This is a question many parents have pondered and wrestled with once they come to the full realization that their child is beginning to stutter. First, what you don’t need to do is panic. Do not, please do not tell your child to take a breath or slow down. 98% of my clients tell me that they despise these words. If they could make it go away by taking a breath or slowing down, they would most certainly do it. When you use those words, you are in effect, telling your child that they have control over what is happening to them and they should make it stop. If your child could make it stop, believe me, he would.
If your child is in the care of someone else throughout the day, this person or daycare personnel should be instructed in the information shared above.
So, if you shouldn’t use those comments, what can you do? I know you feel helpless and your child may begin to struggle and grab at his mouth and ask you why he can’t talk like everyone else. I encourage you to listen. Listen and maintain eye contact with your child as he talks to you. Plan some time every day for some quiet, uninterrupted time with your child where he is free to verbalize without being in a hurry for your attention or talking over siblings. Put the phone down, turn off the television, get on the floor and play or read with your child. Make no judgments as to how he talks to you.
Here are two tips for these interactions:
- When you respond to your child, pause a second or two before you speak. This will slow down the rate of your speech and thus may signal to your child that he can take his time as well. Notice you are not telling him to “slow down”.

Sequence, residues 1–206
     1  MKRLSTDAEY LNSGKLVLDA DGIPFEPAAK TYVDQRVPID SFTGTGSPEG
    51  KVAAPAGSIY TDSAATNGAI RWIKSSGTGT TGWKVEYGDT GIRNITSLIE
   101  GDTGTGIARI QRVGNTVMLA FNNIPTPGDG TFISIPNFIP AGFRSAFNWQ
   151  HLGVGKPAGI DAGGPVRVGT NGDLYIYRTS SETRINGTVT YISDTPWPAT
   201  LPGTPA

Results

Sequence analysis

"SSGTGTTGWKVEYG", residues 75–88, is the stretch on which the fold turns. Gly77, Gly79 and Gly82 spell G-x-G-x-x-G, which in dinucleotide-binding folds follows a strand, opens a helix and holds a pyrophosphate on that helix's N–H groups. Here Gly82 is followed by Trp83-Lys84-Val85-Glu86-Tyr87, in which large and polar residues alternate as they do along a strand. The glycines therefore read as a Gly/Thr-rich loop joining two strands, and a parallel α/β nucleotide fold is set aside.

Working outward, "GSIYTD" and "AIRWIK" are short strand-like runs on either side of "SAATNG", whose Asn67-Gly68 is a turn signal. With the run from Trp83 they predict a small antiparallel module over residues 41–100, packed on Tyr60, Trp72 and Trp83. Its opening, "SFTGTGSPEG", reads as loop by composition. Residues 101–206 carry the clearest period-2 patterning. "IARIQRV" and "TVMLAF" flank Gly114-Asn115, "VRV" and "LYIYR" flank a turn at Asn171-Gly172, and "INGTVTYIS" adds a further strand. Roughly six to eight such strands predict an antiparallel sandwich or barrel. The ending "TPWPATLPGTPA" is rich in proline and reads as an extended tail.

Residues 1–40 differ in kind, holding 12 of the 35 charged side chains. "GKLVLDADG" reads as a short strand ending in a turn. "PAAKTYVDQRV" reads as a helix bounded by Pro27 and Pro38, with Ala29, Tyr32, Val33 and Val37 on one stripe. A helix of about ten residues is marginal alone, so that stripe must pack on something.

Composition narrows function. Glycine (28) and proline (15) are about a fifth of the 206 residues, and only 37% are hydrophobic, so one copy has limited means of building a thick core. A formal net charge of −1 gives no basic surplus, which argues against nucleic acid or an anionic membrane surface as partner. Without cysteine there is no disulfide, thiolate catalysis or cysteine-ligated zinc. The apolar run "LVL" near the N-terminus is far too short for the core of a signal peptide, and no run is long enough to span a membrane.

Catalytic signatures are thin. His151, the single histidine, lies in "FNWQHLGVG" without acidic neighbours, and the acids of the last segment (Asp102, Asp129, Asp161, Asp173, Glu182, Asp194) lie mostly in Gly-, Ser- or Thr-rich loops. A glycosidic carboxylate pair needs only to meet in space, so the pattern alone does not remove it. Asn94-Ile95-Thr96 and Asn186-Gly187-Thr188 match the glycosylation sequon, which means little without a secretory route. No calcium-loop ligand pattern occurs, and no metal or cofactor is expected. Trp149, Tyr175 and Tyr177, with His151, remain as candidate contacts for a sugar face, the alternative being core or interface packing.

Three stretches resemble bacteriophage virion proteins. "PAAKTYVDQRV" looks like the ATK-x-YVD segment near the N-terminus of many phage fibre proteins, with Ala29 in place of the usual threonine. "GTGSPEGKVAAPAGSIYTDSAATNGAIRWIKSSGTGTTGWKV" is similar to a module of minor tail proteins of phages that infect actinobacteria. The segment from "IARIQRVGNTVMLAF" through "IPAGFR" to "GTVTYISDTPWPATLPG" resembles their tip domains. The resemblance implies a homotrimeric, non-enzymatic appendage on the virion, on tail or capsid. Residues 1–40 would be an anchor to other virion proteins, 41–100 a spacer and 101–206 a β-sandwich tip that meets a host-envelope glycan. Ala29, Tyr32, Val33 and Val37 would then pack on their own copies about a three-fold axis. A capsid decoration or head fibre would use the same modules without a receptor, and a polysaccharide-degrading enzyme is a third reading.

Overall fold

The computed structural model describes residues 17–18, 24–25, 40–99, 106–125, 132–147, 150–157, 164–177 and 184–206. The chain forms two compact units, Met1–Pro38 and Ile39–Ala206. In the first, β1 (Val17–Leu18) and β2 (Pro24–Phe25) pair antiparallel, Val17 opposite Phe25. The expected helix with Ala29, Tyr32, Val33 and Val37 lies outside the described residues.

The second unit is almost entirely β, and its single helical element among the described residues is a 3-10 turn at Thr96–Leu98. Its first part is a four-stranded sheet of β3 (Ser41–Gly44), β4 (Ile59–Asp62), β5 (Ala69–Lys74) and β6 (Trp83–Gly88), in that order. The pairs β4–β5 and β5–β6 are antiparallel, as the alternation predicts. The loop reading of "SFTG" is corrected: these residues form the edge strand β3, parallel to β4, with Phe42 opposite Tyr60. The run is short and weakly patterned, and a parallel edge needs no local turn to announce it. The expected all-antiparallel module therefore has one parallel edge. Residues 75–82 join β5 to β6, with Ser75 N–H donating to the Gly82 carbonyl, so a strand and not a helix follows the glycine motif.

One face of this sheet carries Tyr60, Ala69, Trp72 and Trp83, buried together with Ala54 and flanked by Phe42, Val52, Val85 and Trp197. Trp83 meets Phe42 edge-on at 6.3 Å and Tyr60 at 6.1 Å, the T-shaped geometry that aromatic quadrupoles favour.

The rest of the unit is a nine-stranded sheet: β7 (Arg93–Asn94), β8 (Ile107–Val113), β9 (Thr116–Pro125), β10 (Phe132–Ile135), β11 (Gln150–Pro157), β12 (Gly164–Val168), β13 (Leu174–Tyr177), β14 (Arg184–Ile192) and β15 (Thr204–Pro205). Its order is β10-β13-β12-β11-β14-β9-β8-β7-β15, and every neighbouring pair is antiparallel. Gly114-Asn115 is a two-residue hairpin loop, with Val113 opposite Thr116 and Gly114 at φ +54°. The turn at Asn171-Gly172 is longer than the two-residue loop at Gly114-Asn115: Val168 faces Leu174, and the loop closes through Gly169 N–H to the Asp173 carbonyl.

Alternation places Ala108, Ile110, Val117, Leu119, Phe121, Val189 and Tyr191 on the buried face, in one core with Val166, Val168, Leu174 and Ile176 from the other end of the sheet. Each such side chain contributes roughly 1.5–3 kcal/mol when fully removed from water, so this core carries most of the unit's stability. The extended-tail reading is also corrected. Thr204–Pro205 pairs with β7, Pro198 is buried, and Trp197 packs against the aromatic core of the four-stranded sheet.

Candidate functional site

- As you talk, stretch your words just a bit. Remember Mr. Rogers? He used slow and steady speech when he talked to children on his television program. Slowing your rate of speech makes it easier for your child to not feel time pressures to GET THE WORD OUT.
It is just fine to wait a few weeks to see if the stuttering episode will go away on its own. If it doesn’t, make an appointment with a speech pathologist experienced in stuttering disorders and have your child evaluated. The SLP can make recommendations and provide materials so that you feel supported as you navigate this path of speech that seems like it has been turned upside down. In many cases, this will be a developmental stage of speech for your child and will disappear. It can come and go for a year or so. This type of stuttering usually appears early, around 18 months to 2.5 years of age. If you have a family member who stutters, you will want to go ahead and see an SLP for an evaluation once you notice that your child has begun stuttering.
Stuttering is hard. It is hard for you and for your child. Seek support by reaching out to a speech pathologist who can provide therapy and support for you and your child.